Throughout the decades, Alford has maintained its strong sense of community and tradition, and this weekend is no different when the village hosts its Christmas festival.
Festive magic will be sprinkled across the village and nearby Haughton Park on Sunday as the community comes out for the Christmas lights parade.
As the village gears up for the biggest weekend in its calendar, we’ve taken a look through the archives at pictures of Alford over the last 115 years.
Memories of Alford in 20 pictures
Although a growing community, it remains the same at heart.
The village sits within the Vale of Alford, an area of fertile ground with a proud and enduring agricultural heritage, near the River Don.
Alford’s farming tradition is a familiar thread through the Press and Journal archives.
There are photographs of ploughing matches and readers’ pictures sharing memories of happy times at agricultural dances.
Alford is famously the home of the Aberdeen Angus cattle breed, an accolade formally recognised with the unveiling of a life-sized bull statue in 2001.
The now-King Charles and late Queen Mother lead the ceremony such was its significance.
Alford took homeless dog to its heart
But the common theme among Alford over the years is the sense of community and the strength of its volunteers.
Although, one famous of its most famous residents in the 1960s was a stray dog.
In 1969, the village took the plight of Petra (presumably named after the Blue Peter pooch, for readers not of a certain vintage) to its heart.
A full-page story in the P&J said “there’s hardly a man, woman or child in the Donside village of Alford who hasn’t heard of Petra”.
The poor pup turned up homeless and nameless at the town’s vets, where the vet’s wife Ella Stewart took pity on her.
Petra’s story passed quickly around the community and the family was inundated with donations.
She became somewhat of a local personality beloved by schoolchildren. But that wasn’t the end of the tale.
Petra was destined to become a guide dog, and the community formed ‘The Petra Group’ to raise cash for her training.
Pupils washed teachers’ cars in return for donations, the elderly sold knitted items, and the Brownies held sales.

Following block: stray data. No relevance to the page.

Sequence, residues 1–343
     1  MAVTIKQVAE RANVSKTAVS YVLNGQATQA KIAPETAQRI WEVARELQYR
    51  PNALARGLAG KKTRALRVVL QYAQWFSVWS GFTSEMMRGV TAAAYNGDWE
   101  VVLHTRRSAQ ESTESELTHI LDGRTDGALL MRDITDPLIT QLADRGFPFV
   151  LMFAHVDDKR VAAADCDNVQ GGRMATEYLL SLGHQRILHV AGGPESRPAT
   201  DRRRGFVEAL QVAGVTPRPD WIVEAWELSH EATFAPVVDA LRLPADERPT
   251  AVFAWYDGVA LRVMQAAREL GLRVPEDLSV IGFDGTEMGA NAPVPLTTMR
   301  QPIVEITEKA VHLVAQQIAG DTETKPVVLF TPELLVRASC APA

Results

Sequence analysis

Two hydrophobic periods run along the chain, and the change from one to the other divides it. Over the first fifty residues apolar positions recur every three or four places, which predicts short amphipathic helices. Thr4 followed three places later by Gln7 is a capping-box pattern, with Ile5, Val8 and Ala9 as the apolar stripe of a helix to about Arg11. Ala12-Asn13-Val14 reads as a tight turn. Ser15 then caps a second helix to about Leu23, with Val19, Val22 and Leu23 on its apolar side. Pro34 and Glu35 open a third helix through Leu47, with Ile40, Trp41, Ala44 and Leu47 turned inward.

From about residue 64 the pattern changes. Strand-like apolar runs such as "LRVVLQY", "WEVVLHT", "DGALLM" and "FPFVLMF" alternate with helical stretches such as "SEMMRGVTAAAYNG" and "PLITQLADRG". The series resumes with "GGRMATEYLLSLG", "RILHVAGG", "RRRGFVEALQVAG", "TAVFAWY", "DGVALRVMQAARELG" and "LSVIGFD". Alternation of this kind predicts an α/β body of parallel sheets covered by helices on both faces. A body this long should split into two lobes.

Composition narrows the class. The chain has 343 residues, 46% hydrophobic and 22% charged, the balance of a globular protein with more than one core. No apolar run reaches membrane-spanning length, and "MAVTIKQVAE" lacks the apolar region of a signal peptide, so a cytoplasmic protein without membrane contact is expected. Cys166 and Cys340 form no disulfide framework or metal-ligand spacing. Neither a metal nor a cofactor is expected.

In the end, so much money was raised that the group raised enough to train Petra and an additional guide dog.
Vintage transport continues to attract visitors to village
From four legs to four wheels, the community is also the home of vintage transport in the north-east.
Grampian Transport Museum opened 40 years ago in 1983, and is still one of Aberdeenshire’s most popular attractions.
Alford has become a rural haven for transport enthusiasts of all ages, and has provided a sanctuary for vintage vehicles.
This weekend the transport museum will join in the festive fun by hosting the Santa run and Elf mile-long dash.
While a welcome return to Alford this year is the community railway, which reopened this summer.
For months, a band of dedicated volunteers worked to repair and restore the narrow-gauge railway line, the station and steam engine.
Now the railway is back operating at the heart of Alford, ferrying visitors between the village and nearby Haughton Park.
The station will also feature in the festivities with a visit from the Cairngorm reindeer herd on Sunday.
Another popular Christmas tradition in Alford is also being revived for Christmas this year – the Santa train.
Many adults will have nostalgic, childhood memories of the Santa Express, and it is set for a glorious return next month.
Haughton Park to host festivities
The railway terminus, Haughton Park, will also play a role in the Christmas festival this year.
Families who venture to the country park will find Santa’s Grotto, a fairy trail, food market, entertainment, and the opportunity to meet miniature donkeys and pygmy goats.
Haughton Holiday Park has also recently undergone an upgrade, with the historic house brought back into use as accommodation.
The mansion and grounds were once the seat of the Farquharson family, before it became a hotel then convent in the 20th Century.
Its ownership passed to the county council in 1970, and the nearly 40 hectares of woodland and parklands are now enjoyed by residents and visitors alike.
The caravan park has continued as a separate, successful entity bringing holidaymakers to the village year round.
The sporting tradition of Alford
Another new addition to Alford towards the end of last century was the golf club, which opened as a nine-hole course in 1982.
It was thanks to efforts of volunteers – and salvaging old school buildings from Aboyne – that made the opening of the golf club possible.
Another favourite, and seasonably-appropriate, sporting archive photo features the Vale of Alford Curling Club.
The club was founded around 1875 and, nearly 150 years later, curlers still meet to compete on the Haughton Pond during the winter months.
Alford Christmas festival runs from 11am to 4.45pm on Sunday, but for more information and timings, visit the facebook page.